« what is eating me? | Main | overcoming loss »

avoiding the webs of sabotage

Here are a two seemingly unrelated questions.

Q #1. Have your weight loss efforts ever been sabotaged by someone, or even yourself? 

Q #2. Have you ever walked into a spider web?

Interestingly, spider webs and sabotage have a lot more in common than you might think. 

Spider webs are amazing. Although their intricate threads may be delicate and fragile to us, to their unfortunate victims, these delicate webs are five times stronger than steel and virtually inescapable.

The strength of the web is in it's design. These tiny silk threads are more stretchy than elastic and capable of withstanding hurricane force winds. Nearly invisible, these tiny traps are well hidden and strategically placed to catch their prey off-guard. The spider then uses it's venom to paralyze and defeat it's unsuspecting victim.

Just like spider webs, sabotage works in a similar same way. Sabotage is defined as a deliberate action aimed at weakening another, often by applying pressure. We, too, are likely to be trapped if we don't know how to detect the webs of sabotage and avoid them. 

Here's how it happens: our best friend, our spouse, our mother, our mother-in-law or even our own self-talk may put pressure on us to conform. Comments such as: "You've lost enough weight, you look under-nourished, you need to eat." "I made this cake just for you." "Are you going to waste it?" "Just this one time won't hurt." Overwhelmed, giving-in to these comments often seems like our only option and we fall prey to the deadly web of sabotage.

It's really easy to let others define our boundaries or rule our choices. Even when offered with good intentions, these temptations when strategically placed, throw us off guard and weaken our resolve. They often leave us entangled in a web of guilt, shame, or self-condemnation.

It only takes a little mist or dust to reveal a spider web. So it is with the webs of sabotage. With a little know how, we can be armed and ready to detect and combat them. 

I have found that I can't rely on will-power—my will-power is often gullible, weak and easily persuaded to surrender to the slightest pressure. I have to set my mind to something stronger. My strength comes by remembering my pre-determined convictions and the commitment I made to take care of myself by making healthier lifestyle choices. I start by revisiting my reasons for having weight-loss surgery in the first place.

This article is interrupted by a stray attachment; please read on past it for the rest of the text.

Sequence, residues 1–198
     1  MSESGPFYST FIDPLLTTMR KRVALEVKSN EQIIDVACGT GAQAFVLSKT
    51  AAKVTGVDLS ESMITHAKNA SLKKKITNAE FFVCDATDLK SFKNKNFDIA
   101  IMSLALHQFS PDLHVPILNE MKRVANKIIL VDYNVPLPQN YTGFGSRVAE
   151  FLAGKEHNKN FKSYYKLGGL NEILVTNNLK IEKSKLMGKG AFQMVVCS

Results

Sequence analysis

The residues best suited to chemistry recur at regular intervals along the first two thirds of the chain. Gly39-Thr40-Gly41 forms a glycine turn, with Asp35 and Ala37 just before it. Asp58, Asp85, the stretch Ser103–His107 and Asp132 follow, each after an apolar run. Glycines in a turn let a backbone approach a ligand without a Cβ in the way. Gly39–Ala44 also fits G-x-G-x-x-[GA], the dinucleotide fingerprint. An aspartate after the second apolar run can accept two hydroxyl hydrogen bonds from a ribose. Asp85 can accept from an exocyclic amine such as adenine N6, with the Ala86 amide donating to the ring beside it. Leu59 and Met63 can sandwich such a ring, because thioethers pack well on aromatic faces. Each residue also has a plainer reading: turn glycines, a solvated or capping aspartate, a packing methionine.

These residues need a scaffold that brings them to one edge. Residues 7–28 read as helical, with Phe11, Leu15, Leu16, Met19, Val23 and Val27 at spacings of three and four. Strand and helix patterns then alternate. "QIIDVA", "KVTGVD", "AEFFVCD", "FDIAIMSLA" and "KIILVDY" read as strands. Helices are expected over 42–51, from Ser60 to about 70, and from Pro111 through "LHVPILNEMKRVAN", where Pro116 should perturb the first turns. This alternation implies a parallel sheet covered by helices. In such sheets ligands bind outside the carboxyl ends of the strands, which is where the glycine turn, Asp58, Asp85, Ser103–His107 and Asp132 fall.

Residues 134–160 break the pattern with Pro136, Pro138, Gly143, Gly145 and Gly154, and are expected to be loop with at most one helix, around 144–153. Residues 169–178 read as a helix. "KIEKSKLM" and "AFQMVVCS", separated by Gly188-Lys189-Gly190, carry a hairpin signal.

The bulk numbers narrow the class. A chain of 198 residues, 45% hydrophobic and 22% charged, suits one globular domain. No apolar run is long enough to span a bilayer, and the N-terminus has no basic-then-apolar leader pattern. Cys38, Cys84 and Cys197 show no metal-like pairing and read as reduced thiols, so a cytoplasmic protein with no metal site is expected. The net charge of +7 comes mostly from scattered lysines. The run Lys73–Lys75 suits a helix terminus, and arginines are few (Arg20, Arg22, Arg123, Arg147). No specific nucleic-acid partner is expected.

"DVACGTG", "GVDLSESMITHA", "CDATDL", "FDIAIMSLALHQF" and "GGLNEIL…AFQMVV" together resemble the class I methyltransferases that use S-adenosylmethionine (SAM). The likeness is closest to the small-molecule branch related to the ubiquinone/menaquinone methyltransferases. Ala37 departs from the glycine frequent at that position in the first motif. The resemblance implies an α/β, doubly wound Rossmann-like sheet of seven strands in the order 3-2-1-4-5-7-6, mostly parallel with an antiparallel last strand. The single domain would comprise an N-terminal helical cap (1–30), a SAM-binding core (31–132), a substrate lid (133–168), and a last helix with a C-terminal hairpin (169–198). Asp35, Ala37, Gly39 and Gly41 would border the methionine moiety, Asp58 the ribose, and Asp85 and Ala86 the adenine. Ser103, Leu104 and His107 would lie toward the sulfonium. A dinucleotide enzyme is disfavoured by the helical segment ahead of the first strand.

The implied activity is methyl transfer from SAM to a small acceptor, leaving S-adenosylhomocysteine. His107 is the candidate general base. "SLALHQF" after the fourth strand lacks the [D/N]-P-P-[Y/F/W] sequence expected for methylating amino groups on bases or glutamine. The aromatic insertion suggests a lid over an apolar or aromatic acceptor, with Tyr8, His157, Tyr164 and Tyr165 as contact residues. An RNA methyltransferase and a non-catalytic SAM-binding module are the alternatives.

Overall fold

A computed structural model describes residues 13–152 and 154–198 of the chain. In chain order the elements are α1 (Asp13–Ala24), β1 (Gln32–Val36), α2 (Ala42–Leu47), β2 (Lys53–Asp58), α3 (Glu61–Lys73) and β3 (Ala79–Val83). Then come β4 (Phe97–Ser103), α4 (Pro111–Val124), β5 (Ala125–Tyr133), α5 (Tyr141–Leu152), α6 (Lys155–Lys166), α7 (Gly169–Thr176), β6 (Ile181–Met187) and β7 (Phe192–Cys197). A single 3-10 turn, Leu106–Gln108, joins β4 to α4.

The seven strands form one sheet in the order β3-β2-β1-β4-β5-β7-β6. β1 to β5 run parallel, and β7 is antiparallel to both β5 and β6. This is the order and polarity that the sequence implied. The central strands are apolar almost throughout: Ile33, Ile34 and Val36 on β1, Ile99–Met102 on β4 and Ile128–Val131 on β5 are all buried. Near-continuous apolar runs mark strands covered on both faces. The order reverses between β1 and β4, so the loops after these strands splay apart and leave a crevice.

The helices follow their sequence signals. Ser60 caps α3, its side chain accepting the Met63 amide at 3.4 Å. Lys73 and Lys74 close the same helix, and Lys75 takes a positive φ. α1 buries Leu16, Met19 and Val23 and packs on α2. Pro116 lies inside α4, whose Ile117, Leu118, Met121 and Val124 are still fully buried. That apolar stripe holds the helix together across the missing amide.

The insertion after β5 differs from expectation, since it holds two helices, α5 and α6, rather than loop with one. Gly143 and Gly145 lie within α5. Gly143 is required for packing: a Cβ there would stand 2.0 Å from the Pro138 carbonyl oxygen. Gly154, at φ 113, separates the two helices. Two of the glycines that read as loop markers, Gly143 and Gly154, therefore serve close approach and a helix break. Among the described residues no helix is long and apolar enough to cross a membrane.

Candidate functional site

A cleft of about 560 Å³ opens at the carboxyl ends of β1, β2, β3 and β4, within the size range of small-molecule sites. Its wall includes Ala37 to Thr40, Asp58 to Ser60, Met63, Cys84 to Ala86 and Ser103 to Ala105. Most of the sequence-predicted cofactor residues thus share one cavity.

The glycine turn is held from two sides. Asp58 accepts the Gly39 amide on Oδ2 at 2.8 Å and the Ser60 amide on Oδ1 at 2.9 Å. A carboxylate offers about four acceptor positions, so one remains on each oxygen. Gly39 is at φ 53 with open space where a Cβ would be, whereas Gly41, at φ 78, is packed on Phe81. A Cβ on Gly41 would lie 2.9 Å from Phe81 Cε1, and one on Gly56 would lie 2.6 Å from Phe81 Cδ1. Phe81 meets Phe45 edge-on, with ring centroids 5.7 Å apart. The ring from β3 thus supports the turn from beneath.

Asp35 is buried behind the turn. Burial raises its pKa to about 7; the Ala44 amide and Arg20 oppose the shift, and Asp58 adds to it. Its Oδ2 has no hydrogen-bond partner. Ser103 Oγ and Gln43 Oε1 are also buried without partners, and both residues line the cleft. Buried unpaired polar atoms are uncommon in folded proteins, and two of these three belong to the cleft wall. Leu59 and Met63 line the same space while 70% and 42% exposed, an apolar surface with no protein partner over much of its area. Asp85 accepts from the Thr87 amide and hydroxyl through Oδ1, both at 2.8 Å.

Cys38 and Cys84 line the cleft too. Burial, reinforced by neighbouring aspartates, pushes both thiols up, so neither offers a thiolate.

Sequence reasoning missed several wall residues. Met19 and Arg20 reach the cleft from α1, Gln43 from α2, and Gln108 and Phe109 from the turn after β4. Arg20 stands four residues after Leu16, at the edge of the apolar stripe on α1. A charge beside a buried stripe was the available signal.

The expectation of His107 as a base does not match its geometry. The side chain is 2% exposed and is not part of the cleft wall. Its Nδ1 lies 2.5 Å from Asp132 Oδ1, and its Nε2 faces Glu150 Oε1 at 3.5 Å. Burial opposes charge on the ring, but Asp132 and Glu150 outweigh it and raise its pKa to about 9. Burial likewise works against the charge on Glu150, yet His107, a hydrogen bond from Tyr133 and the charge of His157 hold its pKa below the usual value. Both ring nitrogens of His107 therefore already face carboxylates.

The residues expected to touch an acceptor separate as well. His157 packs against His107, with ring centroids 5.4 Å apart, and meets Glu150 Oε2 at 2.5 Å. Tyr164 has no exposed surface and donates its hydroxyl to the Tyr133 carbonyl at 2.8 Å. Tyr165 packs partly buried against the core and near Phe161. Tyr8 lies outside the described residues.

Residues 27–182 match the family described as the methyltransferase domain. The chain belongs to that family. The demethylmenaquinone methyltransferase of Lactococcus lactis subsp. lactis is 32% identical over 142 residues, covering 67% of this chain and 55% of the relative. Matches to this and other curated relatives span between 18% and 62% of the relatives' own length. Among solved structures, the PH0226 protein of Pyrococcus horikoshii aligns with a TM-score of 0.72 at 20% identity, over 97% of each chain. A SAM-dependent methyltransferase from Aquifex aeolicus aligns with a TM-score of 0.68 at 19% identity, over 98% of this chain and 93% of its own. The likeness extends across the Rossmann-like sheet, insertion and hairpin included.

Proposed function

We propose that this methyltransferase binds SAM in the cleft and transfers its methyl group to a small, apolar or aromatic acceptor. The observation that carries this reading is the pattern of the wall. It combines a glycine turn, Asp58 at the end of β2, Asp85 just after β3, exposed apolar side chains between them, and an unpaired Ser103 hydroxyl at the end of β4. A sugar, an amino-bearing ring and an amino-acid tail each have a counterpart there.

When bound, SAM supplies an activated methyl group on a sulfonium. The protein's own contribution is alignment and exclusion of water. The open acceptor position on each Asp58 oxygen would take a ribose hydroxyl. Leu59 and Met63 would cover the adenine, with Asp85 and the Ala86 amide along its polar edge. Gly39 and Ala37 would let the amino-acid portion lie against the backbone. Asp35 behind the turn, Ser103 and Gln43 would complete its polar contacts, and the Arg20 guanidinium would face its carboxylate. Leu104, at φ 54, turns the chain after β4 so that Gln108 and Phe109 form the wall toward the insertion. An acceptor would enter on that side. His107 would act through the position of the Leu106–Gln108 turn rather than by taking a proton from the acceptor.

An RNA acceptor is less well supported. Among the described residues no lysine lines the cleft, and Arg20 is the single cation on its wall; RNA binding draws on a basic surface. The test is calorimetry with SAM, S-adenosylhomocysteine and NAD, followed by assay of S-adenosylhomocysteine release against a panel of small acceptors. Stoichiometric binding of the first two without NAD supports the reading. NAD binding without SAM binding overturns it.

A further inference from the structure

▪    Why did I have weight loss surgery?
▪    What are my objectives? 
▪    What do I really want my life to look like?
▪    Do I have a plan of escape?
▪    What are the convictions that hold me to my plan?

Spider webs don't just intercept prey, they are actually designed to attract their victims. My best advice, steer clear. We first are tempted with our eyes. I find it best not to wait until I am in the heat of the moment to make these decisions.  

Defining my personal convictions in advance helps empower me to be true to myself and strenghens my beliefs—standing firm in my purpose. Knowing how to detect and anticipate the webs of sabotage is essential to avoiding them.

I often avoid dessert menus by removing them from my sight when I'm first seated in a restaurant. Or avoiding places in the grocery store that I know hold those temptation, such as the area where they keep the donuts, cakes and cookies. I shut the door to temptation by not buying candy, even for others, if it meant I might not be strong enough to resist it. I had a rule, I only ordered dessert in a group, and I only allowed myself 2 small bites, no more. For years, I avoided temptations together. Later, when I was more equipped to face them, I could walk through the maze of sabotage undeterred.   

Temptations lie in wait everywhere we turn. We can't avoid them forever, but we can equip ourselves with purpose and a plan of escape. Get creative in finding your own way to intercept temptation before you fall into it's deceptive power.

Yes, you can. You have many more miles to go!

PrintView Printer Friendly Version

EmailEmail Article to Friend